The thing I want to tell you about paying yourself is that you literally can pay yourself however you want. You can pay it all in a lump sum to yourself right at the beginning. You can pay yourself in weekly checks, you can do an ACH out of one account into another, you can transfer it from your business account into your personal account. …Distribute it to yoruself however you would like.Hannah Smolinski, CPA, from the Clara CFO Group on “How do I pay myself with PPP”
Most self-employed people choose to deposit in their personal account. They've done all they need to do.
If you created another account under your Social Security number just for the PPP you haven't really accomplished anything. That's because it's still a personal account. Transferring money around between personal accounts creates no business transaction, and gives you no advantage.
The only real difference here is if you've already established a business account. I don't mean a separate account you will use for business. That's not technically a business account. It's when the account has been created using your EIN or Employer ID Number.
In that instance, you've created a separation between y our business and your personal finances. In this instance, transferring money from your business to your personal account is when you get paid.
Don't I need a paper trail for loan forgiveness documentation?
I hear this all the time. You need a paper trail to show your payroll activity.
Some will tell you to write a check each week for ten weeks so you have cancelled checks. They'll point to information from the Small Business Administration showing all the things you need for documentation.
I see this screenshot posted all the time in Facebook groups and other forums. This is from the Small Business Administration's list of documentation you need when applying for forgiveness. In that, the SBA lays out the things you need to prove you used the money for payroll:
- Bank account statements or reports from your payroll provider that show how much was paid to employees.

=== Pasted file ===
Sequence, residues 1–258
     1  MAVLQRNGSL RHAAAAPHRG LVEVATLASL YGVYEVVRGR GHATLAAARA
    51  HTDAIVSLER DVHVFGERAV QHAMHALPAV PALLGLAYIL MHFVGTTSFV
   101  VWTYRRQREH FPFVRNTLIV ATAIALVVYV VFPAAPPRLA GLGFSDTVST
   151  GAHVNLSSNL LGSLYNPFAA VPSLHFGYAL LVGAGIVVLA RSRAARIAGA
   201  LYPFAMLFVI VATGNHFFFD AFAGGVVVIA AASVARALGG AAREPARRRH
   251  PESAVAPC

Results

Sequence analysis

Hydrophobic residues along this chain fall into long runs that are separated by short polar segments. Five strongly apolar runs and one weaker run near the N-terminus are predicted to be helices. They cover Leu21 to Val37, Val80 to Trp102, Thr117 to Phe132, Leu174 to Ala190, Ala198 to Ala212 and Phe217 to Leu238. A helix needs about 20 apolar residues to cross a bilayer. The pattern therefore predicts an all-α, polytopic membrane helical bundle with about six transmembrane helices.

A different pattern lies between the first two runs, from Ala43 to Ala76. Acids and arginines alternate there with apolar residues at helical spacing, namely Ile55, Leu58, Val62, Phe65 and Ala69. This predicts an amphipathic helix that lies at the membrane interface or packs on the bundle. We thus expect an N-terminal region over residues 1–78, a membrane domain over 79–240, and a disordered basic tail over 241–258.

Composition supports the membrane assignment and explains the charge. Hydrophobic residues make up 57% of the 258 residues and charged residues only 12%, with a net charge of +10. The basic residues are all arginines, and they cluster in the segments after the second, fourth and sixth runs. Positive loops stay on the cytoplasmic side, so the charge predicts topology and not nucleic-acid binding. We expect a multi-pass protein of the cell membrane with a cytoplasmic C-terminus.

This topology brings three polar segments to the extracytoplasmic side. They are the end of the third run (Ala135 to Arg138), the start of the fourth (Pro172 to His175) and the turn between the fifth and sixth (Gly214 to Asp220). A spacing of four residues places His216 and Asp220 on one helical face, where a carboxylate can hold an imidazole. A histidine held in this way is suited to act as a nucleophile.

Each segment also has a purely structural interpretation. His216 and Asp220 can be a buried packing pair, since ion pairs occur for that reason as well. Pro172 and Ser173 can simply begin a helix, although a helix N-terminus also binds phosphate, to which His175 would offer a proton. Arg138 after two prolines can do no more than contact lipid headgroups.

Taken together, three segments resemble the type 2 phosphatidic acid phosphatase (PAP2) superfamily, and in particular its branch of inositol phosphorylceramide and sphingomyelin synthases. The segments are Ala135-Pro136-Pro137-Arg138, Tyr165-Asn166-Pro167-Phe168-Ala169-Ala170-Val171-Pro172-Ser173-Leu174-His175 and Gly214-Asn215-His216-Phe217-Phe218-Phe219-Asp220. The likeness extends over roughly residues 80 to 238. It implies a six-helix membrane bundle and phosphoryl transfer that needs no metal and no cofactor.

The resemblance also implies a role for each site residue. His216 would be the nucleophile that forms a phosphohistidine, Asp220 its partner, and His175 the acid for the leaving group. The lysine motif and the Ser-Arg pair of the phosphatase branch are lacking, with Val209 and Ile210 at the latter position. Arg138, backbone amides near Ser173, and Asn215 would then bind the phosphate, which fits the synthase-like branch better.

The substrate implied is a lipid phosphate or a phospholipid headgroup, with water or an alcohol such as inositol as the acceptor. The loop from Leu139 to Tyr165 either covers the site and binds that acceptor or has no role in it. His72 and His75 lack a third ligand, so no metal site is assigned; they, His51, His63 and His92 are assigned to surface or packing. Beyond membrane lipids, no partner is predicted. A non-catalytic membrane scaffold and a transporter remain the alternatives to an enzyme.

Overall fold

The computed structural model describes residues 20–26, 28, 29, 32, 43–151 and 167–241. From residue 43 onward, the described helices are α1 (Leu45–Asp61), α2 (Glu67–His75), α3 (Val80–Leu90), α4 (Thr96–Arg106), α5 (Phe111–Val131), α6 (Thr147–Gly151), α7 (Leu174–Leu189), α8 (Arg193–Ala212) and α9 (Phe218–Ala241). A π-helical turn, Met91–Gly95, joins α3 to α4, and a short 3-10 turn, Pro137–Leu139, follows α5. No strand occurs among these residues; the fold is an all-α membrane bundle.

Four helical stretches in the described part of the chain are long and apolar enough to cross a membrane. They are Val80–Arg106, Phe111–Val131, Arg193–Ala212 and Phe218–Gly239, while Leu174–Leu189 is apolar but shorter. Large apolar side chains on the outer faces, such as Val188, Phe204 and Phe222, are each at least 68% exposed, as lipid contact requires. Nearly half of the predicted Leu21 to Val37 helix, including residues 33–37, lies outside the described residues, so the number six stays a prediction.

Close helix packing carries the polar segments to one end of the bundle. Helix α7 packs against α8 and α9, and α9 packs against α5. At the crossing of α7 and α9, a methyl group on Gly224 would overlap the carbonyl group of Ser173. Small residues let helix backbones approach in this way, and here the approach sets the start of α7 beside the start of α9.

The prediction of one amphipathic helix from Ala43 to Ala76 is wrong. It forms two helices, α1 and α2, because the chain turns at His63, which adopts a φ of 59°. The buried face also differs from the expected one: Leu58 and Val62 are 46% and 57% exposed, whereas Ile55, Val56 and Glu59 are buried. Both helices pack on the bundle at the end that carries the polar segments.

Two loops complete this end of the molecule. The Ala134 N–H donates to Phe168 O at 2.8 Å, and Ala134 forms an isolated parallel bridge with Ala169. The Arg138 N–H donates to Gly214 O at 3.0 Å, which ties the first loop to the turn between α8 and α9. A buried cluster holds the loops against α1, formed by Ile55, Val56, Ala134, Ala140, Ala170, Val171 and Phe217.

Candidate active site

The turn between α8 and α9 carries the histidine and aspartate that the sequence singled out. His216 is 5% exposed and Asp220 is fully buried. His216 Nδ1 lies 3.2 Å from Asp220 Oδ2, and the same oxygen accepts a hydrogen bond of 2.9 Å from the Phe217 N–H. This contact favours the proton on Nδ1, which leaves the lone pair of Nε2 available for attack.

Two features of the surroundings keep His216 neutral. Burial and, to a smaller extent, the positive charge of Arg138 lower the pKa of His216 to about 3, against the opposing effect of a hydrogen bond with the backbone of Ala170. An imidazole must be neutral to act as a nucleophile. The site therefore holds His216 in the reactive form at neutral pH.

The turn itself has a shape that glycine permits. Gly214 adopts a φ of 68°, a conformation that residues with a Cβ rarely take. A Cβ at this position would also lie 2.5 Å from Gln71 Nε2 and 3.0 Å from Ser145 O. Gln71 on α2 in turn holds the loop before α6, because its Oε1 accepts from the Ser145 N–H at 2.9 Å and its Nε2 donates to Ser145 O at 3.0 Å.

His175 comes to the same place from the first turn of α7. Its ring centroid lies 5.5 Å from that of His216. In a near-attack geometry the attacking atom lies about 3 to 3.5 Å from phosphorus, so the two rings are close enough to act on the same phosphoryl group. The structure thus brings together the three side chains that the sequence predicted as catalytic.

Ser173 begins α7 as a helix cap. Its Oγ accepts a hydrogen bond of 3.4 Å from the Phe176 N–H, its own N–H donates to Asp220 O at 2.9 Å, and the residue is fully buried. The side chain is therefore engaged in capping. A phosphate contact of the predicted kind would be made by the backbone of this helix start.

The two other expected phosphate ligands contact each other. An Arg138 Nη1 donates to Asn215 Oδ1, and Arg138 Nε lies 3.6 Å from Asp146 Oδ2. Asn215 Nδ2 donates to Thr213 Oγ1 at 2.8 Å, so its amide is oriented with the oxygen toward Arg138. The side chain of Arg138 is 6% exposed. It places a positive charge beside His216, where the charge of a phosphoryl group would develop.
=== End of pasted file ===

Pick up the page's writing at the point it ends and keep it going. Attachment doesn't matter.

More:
- Tax forms showing payroll for the covered period (typically IRS form 941)
- Documentation of payments made for employee benefit programs
So, doesn't this mean we need a paper trail?
No. Because here's the thing: None of the things that people are suggesting will ever meet those qualifications. This is all about actual payroll. No check that you write to yourself will demonstrate any of this because it's not payroll.
And, the IRS requires something completely different for owner compensation documentation.
Why your paper trail is meaningless.
First off, you are not an employee. You're an owner. That's an important distinction.
If your business is structured as a sole proprietorship or a single member LLC, you don't put yourself on payroll. In fact, you can't legally give yourself a salary. You can only take a draw unless you have an S Corp or C Corp tax designation.
What this means is, you're not on payroll.
All of that transferring money back and forth and writing yourself a check? All you're doing is moving your personal money around as an individual. It has no bearing on whether you paid yourself. If you submit your bank records or checks to the SBA as documentation, they'll just say, “this isn't payroll.”
In fact, you couldn't DO that if you hadn't already paid yourself that money. And everything that happens now is a personal transaction.
You don't have a payroll record. There is no 941 form that you file. You don't file SUTA or FUTA (state and federal unemployment taxes) or any of those things.
Second, the IRS has different documentation requirements for owner compensation.
I would love to say the SBA is real clear on what they do require. Maybe the reason there's so much confusion is that you do have to dig to find the answers.
Here's what the SBA says:
For borrowers that received loans of $150,000 or less that use the SBA Form 3508S, the borrower must submit the certification and information required by section 7A(l)(1)(A) of the Small Business Act and, for a Second Draw PPP Loan, revenue reduction documentation if such documentation was not provided at the time of applicationSBA Interim Final Rules on PPP Program Loan Forgiveness Requirements page 39, Section 6 (b).
For all loans, the 2019 or 2020 Form 1040 Schedule C or F that the borrower provided at the time of the PPP loan application must be used to determine the amount of net profit allocated to the owner for the covered period.SBA New Interim Final Rule on PPP Loan Forgiveness Requirements, page 40, end of Section 6(b).
Both of these quotes are part of the SBA's answer to “what documentation are borrowers who are individuals with self-employment income who file a Form 1040, Schedule C or F required to submit to their lender with their request for loan forgiveness?”